When someone says, “I’d rather have a root canal,” they’re usually talking about a very unpleasant task or situation. But root canals have gotten a bit of a bum rap—with modern dental techniques, they’re much easier to handle than they used to be.
And better yet—a root canal is one of the most effective ways of saving a tooth.
Root canals are done if the nerve chamber, the interior structure of the tooth, has been damaged by decay or other cause. The nerve or pulp chamber contains blood vessels and other structures that provide nourishment for cells within the tooth. If this chamber becomes damaged, the tooth is weakened and may become easily infected. And the patient may be experiencing significant pain and swelling.
In a root canal procedure, the dentist removes the damaged or infected pulp, replacing it with a filling material that maintains the tooth structure. This is a five-step process.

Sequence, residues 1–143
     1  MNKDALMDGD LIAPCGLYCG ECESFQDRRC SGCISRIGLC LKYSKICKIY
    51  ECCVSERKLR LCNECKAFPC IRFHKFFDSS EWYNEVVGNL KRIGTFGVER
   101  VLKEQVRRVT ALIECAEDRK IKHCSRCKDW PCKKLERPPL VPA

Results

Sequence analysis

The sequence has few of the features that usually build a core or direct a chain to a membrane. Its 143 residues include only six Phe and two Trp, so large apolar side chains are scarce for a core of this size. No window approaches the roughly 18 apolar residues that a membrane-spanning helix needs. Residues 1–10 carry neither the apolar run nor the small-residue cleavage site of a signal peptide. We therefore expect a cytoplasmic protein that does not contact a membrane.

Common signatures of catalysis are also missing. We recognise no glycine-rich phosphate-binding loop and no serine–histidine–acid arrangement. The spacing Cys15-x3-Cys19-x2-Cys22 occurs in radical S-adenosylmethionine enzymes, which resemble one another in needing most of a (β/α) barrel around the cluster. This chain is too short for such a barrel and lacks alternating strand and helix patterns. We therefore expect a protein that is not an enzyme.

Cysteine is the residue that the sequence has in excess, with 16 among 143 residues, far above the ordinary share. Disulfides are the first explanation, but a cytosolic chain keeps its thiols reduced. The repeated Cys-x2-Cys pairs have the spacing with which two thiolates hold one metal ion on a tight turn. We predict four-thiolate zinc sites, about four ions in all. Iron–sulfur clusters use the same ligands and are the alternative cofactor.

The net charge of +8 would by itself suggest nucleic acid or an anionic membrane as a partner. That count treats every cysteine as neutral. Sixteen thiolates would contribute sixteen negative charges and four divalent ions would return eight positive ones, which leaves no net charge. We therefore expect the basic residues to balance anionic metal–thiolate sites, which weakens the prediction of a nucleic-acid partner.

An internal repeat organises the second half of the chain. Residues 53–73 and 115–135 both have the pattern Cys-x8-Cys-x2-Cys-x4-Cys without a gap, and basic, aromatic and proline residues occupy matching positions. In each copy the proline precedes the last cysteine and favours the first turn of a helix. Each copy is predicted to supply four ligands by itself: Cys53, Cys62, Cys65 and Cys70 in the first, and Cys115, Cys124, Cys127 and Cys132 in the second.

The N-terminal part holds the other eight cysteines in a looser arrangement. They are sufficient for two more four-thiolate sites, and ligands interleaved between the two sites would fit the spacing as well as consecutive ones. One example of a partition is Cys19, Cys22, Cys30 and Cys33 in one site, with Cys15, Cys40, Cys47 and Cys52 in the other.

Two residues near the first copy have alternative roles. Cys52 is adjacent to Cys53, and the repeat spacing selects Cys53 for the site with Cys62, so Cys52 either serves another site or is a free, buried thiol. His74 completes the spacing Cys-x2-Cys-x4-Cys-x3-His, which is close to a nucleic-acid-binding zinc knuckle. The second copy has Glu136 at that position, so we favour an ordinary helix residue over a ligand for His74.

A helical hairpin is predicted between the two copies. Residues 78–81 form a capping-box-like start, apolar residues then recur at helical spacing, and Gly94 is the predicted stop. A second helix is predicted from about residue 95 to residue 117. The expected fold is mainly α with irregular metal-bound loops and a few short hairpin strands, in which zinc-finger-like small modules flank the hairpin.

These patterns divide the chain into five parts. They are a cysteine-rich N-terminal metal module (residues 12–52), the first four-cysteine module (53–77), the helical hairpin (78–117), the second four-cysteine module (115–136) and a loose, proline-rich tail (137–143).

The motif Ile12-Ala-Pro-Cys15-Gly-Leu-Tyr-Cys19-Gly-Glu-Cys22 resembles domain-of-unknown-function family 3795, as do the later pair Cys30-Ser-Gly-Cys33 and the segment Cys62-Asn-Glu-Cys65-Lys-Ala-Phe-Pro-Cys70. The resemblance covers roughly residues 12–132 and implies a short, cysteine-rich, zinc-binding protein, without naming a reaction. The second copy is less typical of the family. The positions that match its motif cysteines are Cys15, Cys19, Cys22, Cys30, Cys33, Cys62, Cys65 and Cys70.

The tooth is Anesthetized for comfort, and an opening is made through the top or crown into the pulp chamber. The dentist then determines the length of the root canals needed, and the unhealthy pulp is removed. Canals are filled and sealed, and a temporary filling may be put into place until a porcelain crown is fitted to maximize the strength of the tooth.
The procedure takes time, but with modern techniques and tools, it is much easier and much more comfortable than it was in the past.
If you think you have a tooth with damage significant enough to consider a root canal, but are hesitant about contacting your dentist because of all the stories you’ve heard, consider this: Times have changed – NEW technology is available. Losing your tooth could ultimately be more painful than having a root canal.